Last year, The Play Badges formed as a five-member band.
They performed one live show to wild critical acclaim, then disbanded forevermore, extinguishing their own flame of stardom just as it began to flicker.
There was no acrimony, no antagonism, no farewell tour, no plans to reunite — just a goodbye with no promises.
But that was the point all along.
“It was really fun to do that,” said Charles Duda, one-half of the instrumental rock duo Crash Cuddle as well as the drummer for The Play Badges — the winning band in last year’s inaugural 48 Hour Band Fest in Mankato.
“I think it’s healthy to play with other musicians. ... You can get stagnant playing with the same people.”
The 48 Hour Band Fest is organized by local musicians Tom Heffernan (Punk Rock Tom of KMSU’s Music Without Borders) and Dave O’Connell (who performs in a number of local music groups as Ocho).
They had the idea to start the event in Mankato after attending — and winning — a similar event in Aberdeen, S.D.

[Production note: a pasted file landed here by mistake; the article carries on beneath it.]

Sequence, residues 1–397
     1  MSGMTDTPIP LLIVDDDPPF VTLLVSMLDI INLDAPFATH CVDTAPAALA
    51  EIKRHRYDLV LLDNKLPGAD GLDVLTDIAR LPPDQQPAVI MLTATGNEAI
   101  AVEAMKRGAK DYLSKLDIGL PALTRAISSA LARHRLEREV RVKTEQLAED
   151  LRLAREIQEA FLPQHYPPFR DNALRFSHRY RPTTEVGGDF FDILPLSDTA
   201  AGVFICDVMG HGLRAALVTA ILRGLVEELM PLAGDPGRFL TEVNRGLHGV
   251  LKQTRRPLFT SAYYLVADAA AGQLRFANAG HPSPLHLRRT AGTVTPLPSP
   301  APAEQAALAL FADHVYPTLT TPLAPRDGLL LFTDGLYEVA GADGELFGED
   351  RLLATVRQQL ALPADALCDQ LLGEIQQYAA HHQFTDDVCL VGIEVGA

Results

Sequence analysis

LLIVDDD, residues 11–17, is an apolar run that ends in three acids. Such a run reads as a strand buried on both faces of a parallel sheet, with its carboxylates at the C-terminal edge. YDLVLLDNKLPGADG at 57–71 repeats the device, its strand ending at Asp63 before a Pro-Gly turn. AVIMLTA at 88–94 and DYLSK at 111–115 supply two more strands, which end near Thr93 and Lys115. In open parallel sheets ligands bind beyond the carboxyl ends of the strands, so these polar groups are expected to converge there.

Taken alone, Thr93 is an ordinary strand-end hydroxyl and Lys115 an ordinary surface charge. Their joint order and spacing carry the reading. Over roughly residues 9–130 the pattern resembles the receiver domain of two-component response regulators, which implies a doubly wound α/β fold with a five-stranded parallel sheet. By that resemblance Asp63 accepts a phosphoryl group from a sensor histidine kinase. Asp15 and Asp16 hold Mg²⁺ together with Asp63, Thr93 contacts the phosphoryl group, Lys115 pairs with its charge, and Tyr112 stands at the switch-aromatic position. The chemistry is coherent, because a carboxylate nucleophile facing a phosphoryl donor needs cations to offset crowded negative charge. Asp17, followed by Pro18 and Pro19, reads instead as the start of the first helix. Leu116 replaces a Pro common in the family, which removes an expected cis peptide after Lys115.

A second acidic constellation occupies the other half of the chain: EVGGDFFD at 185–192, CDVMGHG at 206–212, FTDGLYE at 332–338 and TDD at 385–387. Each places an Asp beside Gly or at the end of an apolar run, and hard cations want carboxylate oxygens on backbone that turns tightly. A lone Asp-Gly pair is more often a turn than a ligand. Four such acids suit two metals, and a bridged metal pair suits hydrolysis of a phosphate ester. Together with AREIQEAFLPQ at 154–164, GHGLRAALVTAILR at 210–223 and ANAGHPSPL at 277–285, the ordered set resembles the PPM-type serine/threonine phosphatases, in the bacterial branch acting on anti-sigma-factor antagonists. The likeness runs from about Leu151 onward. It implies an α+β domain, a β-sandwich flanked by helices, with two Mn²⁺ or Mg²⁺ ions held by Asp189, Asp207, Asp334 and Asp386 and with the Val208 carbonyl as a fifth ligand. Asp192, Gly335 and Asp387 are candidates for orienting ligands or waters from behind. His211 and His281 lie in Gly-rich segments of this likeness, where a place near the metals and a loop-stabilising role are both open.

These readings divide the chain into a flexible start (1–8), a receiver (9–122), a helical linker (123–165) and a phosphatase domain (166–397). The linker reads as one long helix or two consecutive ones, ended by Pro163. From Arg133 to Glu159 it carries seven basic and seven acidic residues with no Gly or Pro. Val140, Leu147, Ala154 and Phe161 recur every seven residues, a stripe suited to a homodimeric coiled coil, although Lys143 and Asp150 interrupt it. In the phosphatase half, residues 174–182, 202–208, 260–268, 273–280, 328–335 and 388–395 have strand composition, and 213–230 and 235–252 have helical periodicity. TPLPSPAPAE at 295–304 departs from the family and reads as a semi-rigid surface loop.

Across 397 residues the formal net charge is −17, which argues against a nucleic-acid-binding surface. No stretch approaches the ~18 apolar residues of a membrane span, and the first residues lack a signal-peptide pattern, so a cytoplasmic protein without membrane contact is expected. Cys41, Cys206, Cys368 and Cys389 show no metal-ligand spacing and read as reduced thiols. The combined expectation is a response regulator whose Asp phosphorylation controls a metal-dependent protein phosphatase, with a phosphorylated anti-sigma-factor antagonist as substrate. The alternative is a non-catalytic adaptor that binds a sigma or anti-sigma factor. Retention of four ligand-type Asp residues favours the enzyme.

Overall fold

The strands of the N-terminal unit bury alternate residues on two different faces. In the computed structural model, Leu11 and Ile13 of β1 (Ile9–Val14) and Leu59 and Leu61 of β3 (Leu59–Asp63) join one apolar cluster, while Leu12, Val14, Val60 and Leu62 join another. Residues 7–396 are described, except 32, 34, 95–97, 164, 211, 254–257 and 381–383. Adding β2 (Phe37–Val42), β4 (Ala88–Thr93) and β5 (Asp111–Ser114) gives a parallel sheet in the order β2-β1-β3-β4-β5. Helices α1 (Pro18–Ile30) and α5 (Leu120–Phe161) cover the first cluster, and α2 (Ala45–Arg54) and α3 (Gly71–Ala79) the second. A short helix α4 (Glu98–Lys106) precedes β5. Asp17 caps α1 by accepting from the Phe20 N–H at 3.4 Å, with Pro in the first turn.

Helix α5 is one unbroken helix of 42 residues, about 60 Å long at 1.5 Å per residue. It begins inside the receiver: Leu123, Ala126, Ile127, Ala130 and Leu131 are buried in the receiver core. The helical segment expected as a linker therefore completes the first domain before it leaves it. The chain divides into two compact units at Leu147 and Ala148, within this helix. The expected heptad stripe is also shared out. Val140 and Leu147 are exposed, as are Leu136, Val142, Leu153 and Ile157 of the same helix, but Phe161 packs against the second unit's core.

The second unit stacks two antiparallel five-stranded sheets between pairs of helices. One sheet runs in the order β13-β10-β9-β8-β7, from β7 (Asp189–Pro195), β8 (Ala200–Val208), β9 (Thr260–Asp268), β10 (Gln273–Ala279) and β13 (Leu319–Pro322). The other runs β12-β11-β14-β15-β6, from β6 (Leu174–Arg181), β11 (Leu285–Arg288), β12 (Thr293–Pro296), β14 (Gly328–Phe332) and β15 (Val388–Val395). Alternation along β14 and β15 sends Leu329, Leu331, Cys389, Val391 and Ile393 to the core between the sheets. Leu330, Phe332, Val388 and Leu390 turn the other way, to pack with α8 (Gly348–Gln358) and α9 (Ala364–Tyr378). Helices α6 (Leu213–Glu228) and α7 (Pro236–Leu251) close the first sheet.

The competition includes musicians that are randomly assigned to five-person bands through a drawing.
The impromptu bands then have 48 hours to create and rehearse a three-song set, and then perform live on Saturday at the Red Sky Lounge.
Winners receive a $200 cash prize (as well as a trophy and other prizes) and will be determined by a panel of judges — including Dan Cleberg, owner of the Red Rooster in Aberdeen, who came up with the 48-hour band festival idea.
“Everyone that participated last year had a blast,” Heffernan said. “ That’s the fun thing — it’s like a social mixer.”
Last year’s event drew hundreds of spectators to Red Sky to see The Play Badges win the first competition.
But, as organizers note, the competition isn’t just a free-for-all.
Rather, there are certain guidelines each band must follow.
Last year, each band was given a prop that had to be used in their band name (The Play Badges received fake, plastic police badges). Each band also drew three words that were chosen at random from the dictionary and then had to find ways to incorporate them into a song title or in their stage banter between songs.
This year, organizers are keeping the guidelines under wraps; but they did say that band names would have to be based on popular film titles and that each band will be required to play one cover montage and one “song with a twist,” such as a parody or a reinterpretation.
O’Connell said the event prompts plenty of creativity. Last year, one group played an acoustic version of “Billie Jean” while another band arranged their songs with a trombone and a ukulele.
“ This is one of those things that people probably would not do in any other context,” he said.